Trey Edward Shults in an American writer-director, who made his debut with 2015’s Krisha. He followed it two years later with the much-admired horror It Comes At Night, and now returns with Waves. A harrowing drama about an African-American family from South Florida navigating the aftermath of tragedy, it starts Kelvin Harrison Jr and Taylor Russell as brother and sister Tyler and Emily.
ASFF: What was the starting point for Waves?
TES: It’s hard to say now because it’s been so long. Honestly, I think the starting point was being a kid and wanting to make a movie about kids and music and that was the jumping off point, but I had no idea what that was. Not long after that it turned into Tyler’s half of the movie and the tragedy. But that was never enough to me. What’s the point of the movie if that’s all it’s leading to? You can’t just end there. That’s what it was for a while. And then I had an epiphany [with] Emily taking over and that’s been a part of the DNA for at least the last five years.
ASFF: How would you describe the themes of the film?
TES: I think ultimately, it was how a tragedy affects a family and getting through the other side and feeling the dichotomies in life and love. Love can be very constructive and beautiful and it can be destructive as well. You can go through a lot of highs and lows, you can go through a lot of pain. But getting to the other side of that pain is so much more rewarding, having lived it. Getting through all of that and putting all those feelings into this was where my head was at.
ASFF: How did the music element of the film flow into the story?
TES: I wrote the script with the music. That was way back when. The first initial thing with this movie was teens and a soundtrack movie. So the music was always so much a part of the DNA, and writing the script, the music was embedded in it. You could listen to it or not while you read, and ultimately I wanted it to feel honest to Tyler and Emily. I wanted it to function as a mix-tape in its own right, where if you listen to it in sequence with the movie it’s telling a story just like the movie is.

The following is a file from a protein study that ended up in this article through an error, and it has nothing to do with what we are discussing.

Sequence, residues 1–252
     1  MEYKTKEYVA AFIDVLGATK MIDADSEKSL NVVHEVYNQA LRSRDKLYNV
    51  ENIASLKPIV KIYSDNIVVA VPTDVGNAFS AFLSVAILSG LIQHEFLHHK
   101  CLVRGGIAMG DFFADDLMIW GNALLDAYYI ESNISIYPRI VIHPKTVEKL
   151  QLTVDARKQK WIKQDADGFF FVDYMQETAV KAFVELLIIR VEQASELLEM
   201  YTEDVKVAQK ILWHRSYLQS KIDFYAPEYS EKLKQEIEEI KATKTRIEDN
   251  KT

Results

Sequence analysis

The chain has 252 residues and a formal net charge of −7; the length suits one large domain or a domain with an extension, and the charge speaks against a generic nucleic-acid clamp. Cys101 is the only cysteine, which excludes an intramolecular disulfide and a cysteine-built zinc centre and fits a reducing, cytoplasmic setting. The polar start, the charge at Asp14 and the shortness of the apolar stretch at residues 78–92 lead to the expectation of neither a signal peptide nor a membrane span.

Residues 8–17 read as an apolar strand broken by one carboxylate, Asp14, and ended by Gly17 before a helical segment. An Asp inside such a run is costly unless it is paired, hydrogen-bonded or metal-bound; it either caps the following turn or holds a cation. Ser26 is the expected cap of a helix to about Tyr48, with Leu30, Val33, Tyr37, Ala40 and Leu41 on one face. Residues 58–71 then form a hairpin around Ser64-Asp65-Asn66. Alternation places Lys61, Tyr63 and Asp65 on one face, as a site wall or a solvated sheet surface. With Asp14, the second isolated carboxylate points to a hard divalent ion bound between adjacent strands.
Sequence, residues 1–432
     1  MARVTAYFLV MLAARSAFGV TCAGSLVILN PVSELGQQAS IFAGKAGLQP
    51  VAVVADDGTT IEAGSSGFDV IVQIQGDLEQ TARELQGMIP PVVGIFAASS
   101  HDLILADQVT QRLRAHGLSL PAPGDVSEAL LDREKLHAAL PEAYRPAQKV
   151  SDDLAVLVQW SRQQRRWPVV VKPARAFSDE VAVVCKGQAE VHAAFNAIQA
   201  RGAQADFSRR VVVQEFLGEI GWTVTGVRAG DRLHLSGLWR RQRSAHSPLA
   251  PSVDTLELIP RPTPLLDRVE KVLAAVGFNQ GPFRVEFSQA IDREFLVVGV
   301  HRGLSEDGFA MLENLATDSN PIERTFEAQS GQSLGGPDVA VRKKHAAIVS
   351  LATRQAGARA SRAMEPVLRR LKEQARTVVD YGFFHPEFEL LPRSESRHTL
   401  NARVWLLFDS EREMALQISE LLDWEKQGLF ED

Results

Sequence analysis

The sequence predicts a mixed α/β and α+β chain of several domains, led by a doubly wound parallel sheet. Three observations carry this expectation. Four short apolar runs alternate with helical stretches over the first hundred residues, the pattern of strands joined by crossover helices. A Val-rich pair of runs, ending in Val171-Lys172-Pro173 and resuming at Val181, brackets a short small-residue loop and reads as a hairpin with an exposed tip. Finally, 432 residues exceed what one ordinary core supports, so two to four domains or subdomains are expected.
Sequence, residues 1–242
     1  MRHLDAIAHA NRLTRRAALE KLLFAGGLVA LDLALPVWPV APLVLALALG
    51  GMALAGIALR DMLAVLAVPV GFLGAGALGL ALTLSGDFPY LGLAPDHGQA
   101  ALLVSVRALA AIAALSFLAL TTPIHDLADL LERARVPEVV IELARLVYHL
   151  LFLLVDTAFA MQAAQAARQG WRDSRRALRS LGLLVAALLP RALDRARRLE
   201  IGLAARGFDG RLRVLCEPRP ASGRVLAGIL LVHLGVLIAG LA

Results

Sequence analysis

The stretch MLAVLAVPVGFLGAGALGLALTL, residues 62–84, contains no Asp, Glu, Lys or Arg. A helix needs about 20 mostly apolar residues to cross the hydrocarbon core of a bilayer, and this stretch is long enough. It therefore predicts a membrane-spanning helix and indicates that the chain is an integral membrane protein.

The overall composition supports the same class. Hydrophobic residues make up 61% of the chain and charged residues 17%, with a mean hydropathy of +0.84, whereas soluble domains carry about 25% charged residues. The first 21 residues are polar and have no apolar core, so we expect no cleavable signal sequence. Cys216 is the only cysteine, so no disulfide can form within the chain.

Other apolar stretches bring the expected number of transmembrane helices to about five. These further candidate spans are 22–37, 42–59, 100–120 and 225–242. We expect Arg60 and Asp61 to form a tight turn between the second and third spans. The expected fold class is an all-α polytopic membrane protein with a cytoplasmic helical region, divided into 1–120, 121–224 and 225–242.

ASFF: In the film, Tyler’s wrestling injury leads him on a downward spiral. How does it affect him?
TES: It’s devastating. That’s the sad thing for me about Tyler’s journey. He doesn’t get the time to build himself back up again. All these events happen so quick together. Life can go off the rails very fast, in the experience I’ve seen sometimes. But for Tyler in the movie, it’s utterly devastating. I don’t think he always handles it in the right way, but he was raised to be the best and have utter control. He basically loses all that control.
ASFF: Talk about the title. What does it mean for you?
TES: For me it’s really thematic. The movie is highs and lows. It’s ebbs and flows, it’s good and bad, it’s everything in between. Hopefully it feels like we go through that spiritually in the movie and it just felt right.
Waves is in cinemas on 17 January. For more details, click here.
1. All stills courtesy of Premier Comms.